There will be two new national monuments starting Tuesday. President Joe Biden will designate Castner Range in Texas and more than 500,000 acres of Avi Kwa Ame in southern Nevada as protected national monuments.

The designations come as part of Biden’s “pledge to protect 30% of America’s lands and waters by 2030,” The Washington Post reported.

Biden plans to make the announcement during the White House Conservation in Action Summit.

In 1906, President Theodore Roosevelt first utilized the Antiquities Act “to designate Devils Tower National Monument in Wyoming.” And since that designation, 18 presidents “have used this authority to protect unique natural and historic features in America, including the Grand Canyon, the Statue of Liberty, and Colorado’s Canyons of the Ancients.” Presidents from both political parties have invoked the power as a means to preserve certain areas of the United States, according to a White House briefing.

What is Avi Kwa Ame?

Avi Kwa Ame, or Spirit Mountain, is an area of land multiple Native American nations consider as sacred — including the Bishop Paiute Tribe, the Fort Mojave Tribe and the Hopi.

“It’s an area that has been occupied since time immemorial, and it’s home to so many important cultural resources for all of the Indigenous people in this region,” Taylor Patterson, executive director of the Native Voters Alliance Nevada and a Bishop Paiute tribal member, told the Post.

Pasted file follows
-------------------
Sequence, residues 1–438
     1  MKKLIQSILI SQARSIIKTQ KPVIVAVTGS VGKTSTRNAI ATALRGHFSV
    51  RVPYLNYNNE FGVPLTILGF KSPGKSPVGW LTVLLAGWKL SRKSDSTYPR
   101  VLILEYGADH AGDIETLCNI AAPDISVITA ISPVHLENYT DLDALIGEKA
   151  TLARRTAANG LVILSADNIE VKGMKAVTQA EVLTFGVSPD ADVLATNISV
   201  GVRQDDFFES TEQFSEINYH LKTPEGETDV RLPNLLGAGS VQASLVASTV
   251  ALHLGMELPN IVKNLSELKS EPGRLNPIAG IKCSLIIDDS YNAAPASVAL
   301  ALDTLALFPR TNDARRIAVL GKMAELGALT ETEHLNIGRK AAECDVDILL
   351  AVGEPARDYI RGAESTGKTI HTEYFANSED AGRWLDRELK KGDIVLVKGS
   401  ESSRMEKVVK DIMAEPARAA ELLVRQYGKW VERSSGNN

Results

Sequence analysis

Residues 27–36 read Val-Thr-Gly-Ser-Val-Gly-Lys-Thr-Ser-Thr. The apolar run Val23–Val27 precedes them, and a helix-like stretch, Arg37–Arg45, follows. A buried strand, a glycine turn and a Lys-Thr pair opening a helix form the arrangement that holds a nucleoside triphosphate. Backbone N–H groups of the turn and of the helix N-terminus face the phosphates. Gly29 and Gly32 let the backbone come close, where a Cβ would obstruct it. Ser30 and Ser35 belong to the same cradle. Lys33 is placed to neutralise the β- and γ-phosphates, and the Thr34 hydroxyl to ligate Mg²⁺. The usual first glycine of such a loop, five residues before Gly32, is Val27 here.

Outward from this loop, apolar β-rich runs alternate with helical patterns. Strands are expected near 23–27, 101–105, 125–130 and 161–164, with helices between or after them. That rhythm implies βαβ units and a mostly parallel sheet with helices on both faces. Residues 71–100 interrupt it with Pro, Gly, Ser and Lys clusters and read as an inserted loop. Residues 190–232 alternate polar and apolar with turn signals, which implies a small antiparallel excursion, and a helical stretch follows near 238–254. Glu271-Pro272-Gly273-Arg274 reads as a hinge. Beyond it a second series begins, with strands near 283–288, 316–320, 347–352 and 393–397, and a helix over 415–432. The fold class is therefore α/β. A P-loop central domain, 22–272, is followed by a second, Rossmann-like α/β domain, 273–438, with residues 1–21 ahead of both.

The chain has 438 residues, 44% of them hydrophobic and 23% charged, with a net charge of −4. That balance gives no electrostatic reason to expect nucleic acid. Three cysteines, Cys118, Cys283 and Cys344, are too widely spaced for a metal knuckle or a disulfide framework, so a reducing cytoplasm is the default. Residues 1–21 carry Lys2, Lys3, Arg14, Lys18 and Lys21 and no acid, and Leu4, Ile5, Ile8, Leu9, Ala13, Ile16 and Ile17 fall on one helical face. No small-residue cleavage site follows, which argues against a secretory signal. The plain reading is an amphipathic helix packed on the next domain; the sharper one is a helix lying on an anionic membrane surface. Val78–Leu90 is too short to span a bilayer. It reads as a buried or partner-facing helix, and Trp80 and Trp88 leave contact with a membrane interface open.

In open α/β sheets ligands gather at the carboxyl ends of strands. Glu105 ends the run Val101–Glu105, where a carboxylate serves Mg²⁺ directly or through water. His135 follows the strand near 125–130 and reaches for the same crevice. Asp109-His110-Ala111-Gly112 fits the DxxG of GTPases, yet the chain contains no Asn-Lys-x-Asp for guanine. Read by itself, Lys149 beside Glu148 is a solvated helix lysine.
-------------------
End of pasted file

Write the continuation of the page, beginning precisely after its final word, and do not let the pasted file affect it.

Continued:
Nearly 1.6 million acres of the Mojave National Preserve are already protected in California, so this area will add to more protected lands through the same corridor, per The New York Times.

Within the newly protected acreage is the home of the world’s largest Joshua tree forest, as well as “some of the oldest and largest Joshua trees in existence” — including one that has survived for more than 900 years, according to the Avi Kwa Ame website.

What is the Castner Range?

The Castner Range is located in Texas outside El Paso and was the location for Army base Fort Bliss, where the U.S. Army performed training and testing during World War II, the Korean War and the Vietnam War, the Times reported.

Some areas “feature cave etchings made by Native Americans,” as well as historic shelters crafted by ranchers. Having the national monument designation will protect the Mexican yellow poppies, checkered whip tail lizard and Western desert tarantula in the area, per the Times.